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6

but you shall be called priests of the Lord,

you shall be named ministers of our God;

you shall enjoy the wealth of the nations,

and in their riches you shall glory.


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6. But ye shall be called the priests of Jehovah. This verse sheds somewhat more light on the preceding; for in the second part of it the Prophet foretells that believers shall enjoy the riches of the Gentiles, and shall be raised to glory as their successors. The Jews, indeed, seize eagerly on such declarations, and already devour by covetousness the wealth of all the nations, as if they would one day possess it, and vaunt as if the glory of the whole world would become their own.

But there are chiefly two things that ought to be observed in these words, that we may more fully understand them. First, the prophets, when they wish to describe the glory and happiness of the Kingdom of Christ, borrow comparisons from human affairs. Secondly, when they speak of the Church, they connect the Head with the members in such a manner that sometimes they look more at the Head than at the members. We must not understand the enjoyment of the wealth of others to mean that they who are converted to Christ shall seize on the wealth, or glory, or rank of others, which is most inconsistent with true religion; but because all things shall be brought under the dominion of Christ, so that he alone shall hold authority and rule. And that is what I have already said, that he looks both at the members and the Head. But when they come into the power of Christ, they are called ours, because Christ possesses nothing separate from his Church.

In the same manner it is said elsewhere, (Isaiah 45:14) that the enemies of Christ “shall kiss his feet and supplicate pardon,” although this is done in the Church, in which they acknowledge Christ and yield to his doctrine. Thus Isaiah shows what the Father will give to the Son, who has lawful authority over the whole world, (Matthew 28:18) and to whom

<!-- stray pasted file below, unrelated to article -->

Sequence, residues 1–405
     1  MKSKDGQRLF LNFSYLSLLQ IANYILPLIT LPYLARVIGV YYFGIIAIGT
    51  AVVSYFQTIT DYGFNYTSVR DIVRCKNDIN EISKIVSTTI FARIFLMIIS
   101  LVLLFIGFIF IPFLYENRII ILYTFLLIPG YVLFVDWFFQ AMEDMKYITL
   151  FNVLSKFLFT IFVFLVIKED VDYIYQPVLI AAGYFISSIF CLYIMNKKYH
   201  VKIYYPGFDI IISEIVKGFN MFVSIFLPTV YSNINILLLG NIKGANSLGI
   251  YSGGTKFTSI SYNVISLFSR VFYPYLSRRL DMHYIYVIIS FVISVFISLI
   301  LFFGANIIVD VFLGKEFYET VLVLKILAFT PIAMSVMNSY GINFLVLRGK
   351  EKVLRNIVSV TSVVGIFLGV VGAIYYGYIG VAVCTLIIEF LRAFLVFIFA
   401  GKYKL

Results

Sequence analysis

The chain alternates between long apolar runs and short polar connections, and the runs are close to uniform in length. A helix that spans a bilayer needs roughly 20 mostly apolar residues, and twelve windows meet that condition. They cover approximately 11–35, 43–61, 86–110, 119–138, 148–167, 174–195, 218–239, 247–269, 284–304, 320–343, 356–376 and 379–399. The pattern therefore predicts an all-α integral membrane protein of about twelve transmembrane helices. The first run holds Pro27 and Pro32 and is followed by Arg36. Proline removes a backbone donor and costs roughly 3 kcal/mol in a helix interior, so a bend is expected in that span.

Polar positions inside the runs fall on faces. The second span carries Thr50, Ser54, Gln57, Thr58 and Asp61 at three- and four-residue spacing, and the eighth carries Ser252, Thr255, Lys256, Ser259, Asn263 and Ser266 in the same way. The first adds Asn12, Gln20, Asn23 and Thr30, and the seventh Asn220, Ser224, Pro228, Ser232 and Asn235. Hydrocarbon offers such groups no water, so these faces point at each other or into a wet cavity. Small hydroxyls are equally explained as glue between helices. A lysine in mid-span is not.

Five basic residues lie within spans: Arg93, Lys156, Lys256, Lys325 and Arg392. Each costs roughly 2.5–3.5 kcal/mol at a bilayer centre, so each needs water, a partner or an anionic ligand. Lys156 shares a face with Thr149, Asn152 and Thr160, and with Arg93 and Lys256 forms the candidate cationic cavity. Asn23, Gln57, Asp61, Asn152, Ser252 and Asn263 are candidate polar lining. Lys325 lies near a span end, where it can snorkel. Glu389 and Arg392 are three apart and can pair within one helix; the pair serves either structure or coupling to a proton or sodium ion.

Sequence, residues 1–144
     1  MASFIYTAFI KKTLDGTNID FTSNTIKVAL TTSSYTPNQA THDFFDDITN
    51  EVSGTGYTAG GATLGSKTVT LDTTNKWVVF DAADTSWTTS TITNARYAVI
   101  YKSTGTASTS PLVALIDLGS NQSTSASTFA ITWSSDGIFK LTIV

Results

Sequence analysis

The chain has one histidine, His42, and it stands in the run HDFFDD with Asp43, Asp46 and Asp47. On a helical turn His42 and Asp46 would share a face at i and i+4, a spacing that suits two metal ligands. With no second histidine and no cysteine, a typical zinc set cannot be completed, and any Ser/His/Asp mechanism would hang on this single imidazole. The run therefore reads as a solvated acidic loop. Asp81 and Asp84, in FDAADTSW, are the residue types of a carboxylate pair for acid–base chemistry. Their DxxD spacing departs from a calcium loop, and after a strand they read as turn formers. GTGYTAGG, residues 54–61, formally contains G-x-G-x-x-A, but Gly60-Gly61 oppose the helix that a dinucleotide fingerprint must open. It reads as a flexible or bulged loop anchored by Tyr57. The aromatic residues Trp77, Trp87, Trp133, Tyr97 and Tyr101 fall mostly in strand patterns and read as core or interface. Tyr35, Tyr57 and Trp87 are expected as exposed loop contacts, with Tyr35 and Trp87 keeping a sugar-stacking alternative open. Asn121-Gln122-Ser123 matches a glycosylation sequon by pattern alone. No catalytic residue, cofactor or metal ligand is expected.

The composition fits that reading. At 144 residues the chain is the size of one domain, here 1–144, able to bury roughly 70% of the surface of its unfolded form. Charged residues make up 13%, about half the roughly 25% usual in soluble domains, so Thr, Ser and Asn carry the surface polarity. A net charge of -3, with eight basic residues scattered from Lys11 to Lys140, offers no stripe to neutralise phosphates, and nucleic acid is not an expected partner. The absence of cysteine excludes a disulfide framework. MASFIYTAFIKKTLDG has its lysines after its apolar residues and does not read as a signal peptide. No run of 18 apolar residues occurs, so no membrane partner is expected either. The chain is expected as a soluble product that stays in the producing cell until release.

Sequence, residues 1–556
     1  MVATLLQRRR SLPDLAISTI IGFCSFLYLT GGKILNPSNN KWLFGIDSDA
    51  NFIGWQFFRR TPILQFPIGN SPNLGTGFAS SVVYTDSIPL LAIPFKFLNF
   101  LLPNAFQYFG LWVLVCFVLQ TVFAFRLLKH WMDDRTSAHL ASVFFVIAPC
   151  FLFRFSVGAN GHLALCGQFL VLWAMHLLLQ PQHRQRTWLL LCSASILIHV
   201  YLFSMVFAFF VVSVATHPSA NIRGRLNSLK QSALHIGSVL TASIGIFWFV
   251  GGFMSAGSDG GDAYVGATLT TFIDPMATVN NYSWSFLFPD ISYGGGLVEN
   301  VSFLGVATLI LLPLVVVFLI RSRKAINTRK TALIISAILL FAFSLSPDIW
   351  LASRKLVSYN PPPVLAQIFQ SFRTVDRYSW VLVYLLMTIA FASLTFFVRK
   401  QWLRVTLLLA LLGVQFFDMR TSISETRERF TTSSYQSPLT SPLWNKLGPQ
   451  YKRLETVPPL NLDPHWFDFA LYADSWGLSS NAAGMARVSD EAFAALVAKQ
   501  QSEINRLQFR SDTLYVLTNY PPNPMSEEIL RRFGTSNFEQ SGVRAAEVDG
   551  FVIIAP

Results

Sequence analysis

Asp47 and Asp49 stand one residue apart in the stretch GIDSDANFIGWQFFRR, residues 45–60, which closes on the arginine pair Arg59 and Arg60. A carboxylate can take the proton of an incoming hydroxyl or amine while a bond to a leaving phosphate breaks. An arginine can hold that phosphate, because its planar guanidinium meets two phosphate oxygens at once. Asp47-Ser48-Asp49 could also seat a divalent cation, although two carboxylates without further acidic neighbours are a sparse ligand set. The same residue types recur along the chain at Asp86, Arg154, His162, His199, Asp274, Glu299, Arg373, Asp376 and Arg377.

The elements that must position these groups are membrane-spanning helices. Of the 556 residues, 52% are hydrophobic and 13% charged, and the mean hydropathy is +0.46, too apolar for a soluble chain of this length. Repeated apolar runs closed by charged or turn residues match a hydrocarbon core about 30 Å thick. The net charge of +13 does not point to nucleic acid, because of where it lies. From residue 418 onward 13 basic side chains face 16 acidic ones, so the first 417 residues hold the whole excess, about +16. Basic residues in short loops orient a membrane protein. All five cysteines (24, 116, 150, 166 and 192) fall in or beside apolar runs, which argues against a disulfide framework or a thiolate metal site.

“all things must be made subject.” (Hebrews 2:8)

Yet we must not omit what I mentioned a little before, that God gives large and kind support to his elect in the world, in order that they may feel that their condition is far better than that of unbelievers; for, though they are in want of many things, yet, being content with a little, they cheerfully give thanks to God, so that their hunger is better than all the abundance of unbelievers.

Priests of Jehovah. By this term he shows that the condition of the people shall be far more excellent than formerly; as if he had said, “Hitherto the Lord had chosen you to be his heritage; but he will adorn you with gifts much more excellent, for he will elevate you to the honor of the priesthood.” Although the whole people was “a kingdom of priests,” (Exodus 19:6; Deuteronomy 33:10) yet we know that the tribe of Levi only discharged this office; but the Prophet declares that in future it shall be common to all. This was not manifested but under the reign of Christ. The restoration of the Church, indeed, began at the time when the people returned from Babylon; but at the coming of Christ believers were at length adorned and honored by this dignity; for all the saints have been consecrated to Christ, and discharge that office. To this belong the words of Peter,

“Ye are a holy nation, a royal priesthood.” (1 Peter 2:9)

What is the nature of this kind of priesthood ought to be carefully observed; for we must no longer offer to God earthly sacrifices, 166166     “Il ne faut plus offrir a Dieu des bestes brutes.” “We must no longer offer to God brute beasts.” but men must be offered and slain in obedience to Christ, as Paul declares that he slew the Gentiles by the sword of the Gospel, that thenceforth they might obey the Lord. 167167     See our author’s exposition of that remarkable passage. ­ Ed. (Romans 15:16)

Hence infer how childish is the folly of the Papists, who abuse this passage to prove their priesthood; for the Pope and his lackeys ordain priests to sacrifice Christ, not to teach the people. But Christ offered himself “by eternal redemption,” (Hebrews 9:12) and he alone has once exercised this priesthood, and commands that the priest of the sacrifice shall be offered to us by the doctrine of the Gospel. Those persons, therefore, who usurp this office, and wish to repeat what he has completed, are guilty of sacrilege.

But every person ought to offer himself, (Romans 12:1) and all that he has, in sacrifice to God, that he may exercise this lawful priesthood; and next, ministers, who have been specially called to this office of teaching, ought to make use of the sword of the word to slay men and consecrate them to God. Lastly, those are lawful ministers who do not of themselves attempt or undertake anything, but faithfully and diligently execute the commands which they have received from God.




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